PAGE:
Jody Culmone joined Team Fox in 2009 after finally opening up about the Parkinson’s diagnosis she received six years prior. Since then, she has engaged her community with Team Fox brunches and now, a Pancakes for Parkinson’s Dinner. In addition, her granddaughters are raising funds with a Candy for a Cure campaign, and Jody hosts a raffle each August at her son’s annual hockey tournament.
She threw her fourth annual Team Fox event on Tuesday April 24, 2012—raising more than $8,000 and breaking all kinds of records in her hometown. We caught up with Jody to get her thoughts on planning this year’s event. She stresses the importance of forming a committee and raising funds as a way to combat her diagnosis.
Team Fox: This was your fourth annual Pancakes for Parkinson’s event. How did it compare to events in prior years? Did you do anything differently this year?
Jody Culmone: In November 2009, after living with Parkinson’s for 6 years, I decided to go public. I joined Team Fox and scheduled several speaking engagements at rotary clubs in the area (I am a Rotarian). I called my presentation “My Private War: What do I have in common with Michael J. Fox, Muhammed Ali, etc? We all have PD.” The audience was surprised at this news, but very interested to learn about Parkinson’s. I also spoke to my fellow directors at the Milford Bank. I received several donations and formed my first fundraising committee. In 2010, I organized “Brunch and More for a Parkinson’s Cure” at a local country club. It was an elegant affair with a silent auction and live entertainment—two very talented people, a vocalist and a pianist, donated their time. Later that year my 10-year-old granddaughter Jacqueline and I ran a raffle at my son's office hockey tournament through the Connecticut Hockey League. Jacque also sold wrist bands at her school during lunchtime and made a poster about Parkinson’s that said “Help find a cure for my grandma.”
In 2011, I organized the 2nd Annual Brunch and More for a Parkinson’s Cure and ran the same raffle with Jacque at the CT Hockey League tournament. This year, I decided to do something different and more family-oriented. One of my committee members, Linda, told me about Chips Restaurant, who offered their restaurant space and pancake dinner at no cost. We started planning early, in November 2011, which helped immensely.
TF: Did you implement any particular fundraising strategies to raise money?
JC: Since tickets to our 2012 event only cost $10, I decided to sell space in an Ad Book—sponsors could donate $1,000, $500 or $250 to earn a spot. Interest was so great I decided to print the ad book in color, which was more expensive but worth it.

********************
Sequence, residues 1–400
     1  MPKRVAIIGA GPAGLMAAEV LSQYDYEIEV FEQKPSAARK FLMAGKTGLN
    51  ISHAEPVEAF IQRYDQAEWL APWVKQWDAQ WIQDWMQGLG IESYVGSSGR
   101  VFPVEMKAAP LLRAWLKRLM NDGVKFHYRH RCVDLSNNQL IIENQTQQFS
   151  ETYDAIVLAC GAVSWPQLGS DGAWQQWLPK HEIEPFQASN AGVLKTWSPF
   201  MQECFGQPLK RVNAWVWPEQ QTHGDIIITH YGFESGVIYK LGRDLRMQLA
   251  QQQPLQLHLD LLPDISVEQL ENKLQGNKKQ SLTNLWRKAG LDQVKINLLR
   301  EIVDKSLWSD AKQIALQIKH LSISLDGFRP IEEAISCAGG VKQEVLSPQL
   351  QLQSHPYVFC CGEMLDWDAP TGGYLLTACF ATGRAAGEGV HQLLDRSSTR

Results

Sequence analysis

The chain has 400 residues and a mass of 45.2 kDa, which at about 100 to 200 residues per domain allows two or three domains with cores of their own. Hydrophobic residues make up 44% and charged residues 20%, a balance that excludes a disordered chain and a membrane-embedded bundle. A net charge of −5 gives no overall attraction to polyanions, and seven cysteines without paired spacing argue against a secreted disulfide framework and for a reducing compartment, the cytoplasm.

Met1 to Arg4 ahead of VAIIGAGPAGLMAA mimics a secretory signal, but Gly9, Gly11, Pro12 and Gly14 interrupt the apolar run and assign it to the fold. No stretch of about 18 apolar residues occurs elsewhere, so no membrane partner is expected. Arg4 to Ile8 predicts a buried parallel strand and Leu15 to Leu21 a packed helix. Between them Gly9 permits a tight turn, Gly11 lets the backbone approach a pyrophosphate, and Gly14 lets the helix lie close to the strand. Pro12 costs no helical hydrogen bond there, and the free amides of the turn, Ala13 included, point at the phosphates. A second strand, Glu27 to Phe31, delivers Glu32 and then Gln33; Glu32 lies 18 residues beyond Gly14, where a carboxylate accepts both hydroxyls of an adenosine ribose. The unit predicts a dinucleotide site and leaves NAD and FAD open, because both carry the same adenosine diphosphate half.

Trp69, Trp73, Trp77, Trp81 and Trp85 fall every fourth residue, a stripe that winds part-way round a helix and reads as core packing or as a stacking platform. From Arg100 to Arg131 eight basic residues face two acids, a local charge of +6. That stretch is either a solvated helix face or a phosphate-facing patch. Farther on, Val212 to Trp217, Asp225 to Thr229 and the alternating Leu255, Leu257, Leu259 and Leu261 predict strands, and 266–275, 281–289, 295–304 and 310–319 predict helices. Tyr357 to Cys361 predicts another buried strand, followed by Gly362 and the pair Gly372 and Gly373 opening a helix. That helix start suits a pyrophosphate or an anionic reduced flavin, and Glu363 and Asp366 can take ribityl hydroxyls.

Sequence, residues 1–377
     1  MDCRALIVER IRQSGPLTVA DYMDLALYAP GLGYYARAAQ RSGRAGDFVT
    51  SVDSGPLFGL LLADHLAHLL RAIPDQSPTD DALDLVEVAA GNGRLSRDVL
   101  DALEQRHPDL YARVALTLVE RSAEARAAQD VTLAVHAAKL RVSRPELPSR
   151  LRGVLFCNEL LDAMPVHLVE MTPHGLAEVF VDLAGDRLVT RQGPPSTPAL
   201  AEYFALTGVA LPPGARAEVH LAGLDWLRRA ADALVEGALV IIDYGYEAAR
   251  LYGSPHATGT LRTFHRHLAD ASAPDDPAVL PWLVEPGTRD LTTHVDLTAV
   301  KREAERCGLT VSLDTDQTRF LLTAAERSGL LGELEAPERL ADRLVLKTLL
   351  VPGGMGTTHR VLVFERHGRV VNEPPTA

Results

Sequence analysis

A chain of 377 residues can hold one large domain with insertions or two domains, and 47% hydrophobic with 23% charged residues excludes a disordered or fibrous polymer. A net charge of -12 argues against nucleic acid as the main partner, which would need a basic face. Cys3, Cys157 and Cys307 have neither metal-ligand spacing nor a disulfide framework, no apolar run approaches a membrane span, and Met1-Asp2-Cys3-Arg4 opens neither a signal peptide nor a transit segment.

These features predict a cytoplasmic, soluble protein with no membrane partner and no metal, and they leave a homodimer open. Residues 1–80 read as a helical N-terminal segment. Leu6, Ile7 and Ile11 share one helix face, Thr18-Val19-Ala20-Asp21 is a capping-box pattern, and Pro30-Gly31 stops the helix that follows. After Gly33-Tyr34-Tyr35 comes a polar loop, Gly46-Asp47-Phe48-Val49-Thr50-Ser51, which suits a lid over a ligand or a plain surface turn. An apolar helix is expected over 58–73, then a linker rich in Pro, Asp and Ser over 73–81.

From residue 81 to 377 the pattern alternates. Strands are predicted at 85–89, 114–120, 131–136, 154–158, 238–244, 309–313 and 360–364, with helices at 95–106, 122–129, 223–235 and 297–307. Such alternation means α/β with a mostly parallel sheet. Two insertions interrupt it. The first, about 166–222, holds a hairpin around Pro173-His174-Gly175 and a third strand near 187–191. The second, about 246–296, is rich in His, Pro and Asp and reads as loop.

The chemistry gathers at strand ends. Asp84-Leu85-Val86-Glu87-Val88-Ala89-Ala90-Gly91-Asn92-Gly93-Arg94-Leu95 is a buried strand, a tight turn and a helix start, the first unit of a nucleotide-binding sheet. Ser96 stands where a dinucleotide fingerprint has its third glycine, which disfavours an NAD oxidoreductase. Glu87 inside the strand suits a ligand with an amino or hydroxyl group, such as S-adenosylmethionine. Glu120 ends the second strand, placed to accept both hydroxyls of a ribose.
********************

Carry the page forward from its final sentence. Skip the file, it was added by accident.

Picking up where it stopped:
The event on April 24th was wonderful. We broke all records for attendance at the restaurant with 225 guests enjoying pancakes for Parkinson’s. What was wonderful was that there were so many families with their children who all received Team Fox stickers and wrist bands. Everyone who donated received a thank you note or an email thank you and all the sponsors received a plaque.
In the last 2 ½ years I have raised a total of $34,330 for Team Fox. My granddaughters, Jacqueline, Amanda, Cassondra and Sarah, still do their Candy for a Cure fundraiser and I am planning another raffle in August at the CT Hockey League tournament. I am also already working on another event for 2013.
TF: How did you get the word out about your event?
JC: My committee really came through for me here. I was fortunate enough to have two members who previously worked for a local newspaper, and Cindy put together some very professional brochures for me. I joined the local Chamber of Commerce and they included 1,000 brochures in their March mailing. I also put up notices in supermarkets and bank branches. Linda put together a great press release and sent it to all the local papers, put it on Facebook and even got it on the radio. Chips Restaurant also promoted the event for me.
TF: Is there anything you would do differently?
JC: What would I do differently? It is hard to say. I started with an overall, lifetime goal of $25,000 and raised it last year to $50,000. I plan to keep fundraising until we find a cure, and I will just keep raising my goal until that time. Joining Team Fox has been great therapy for me in dealing with Parkinson’s. I am so busy and get so involved that I have no time to spend thinking or worrying about myself.
TF: Anything else you’d like to share?
JC: I want to share my deep gratitude to my committee (Linda Bouvier, Cindy Wolfe Boynton, Eileen Cavanaugh, Tina DeNapoles, Wendy Gibbons, Peggy Kelly, Marie Lillis, Nancy Macklin, Carol McInnis and Tracy O Brien), to my family who has been truly amazing, and to Bob Macklin of the Milford Bank who was my first sponsor and who continues to encourage and support my efforts—any success I have achieved belongs to them!
Also I must thank my husband and all the other caretakers of patients with Parkinson’s. It is a difficult job physically and emotionally. God Bless all of them.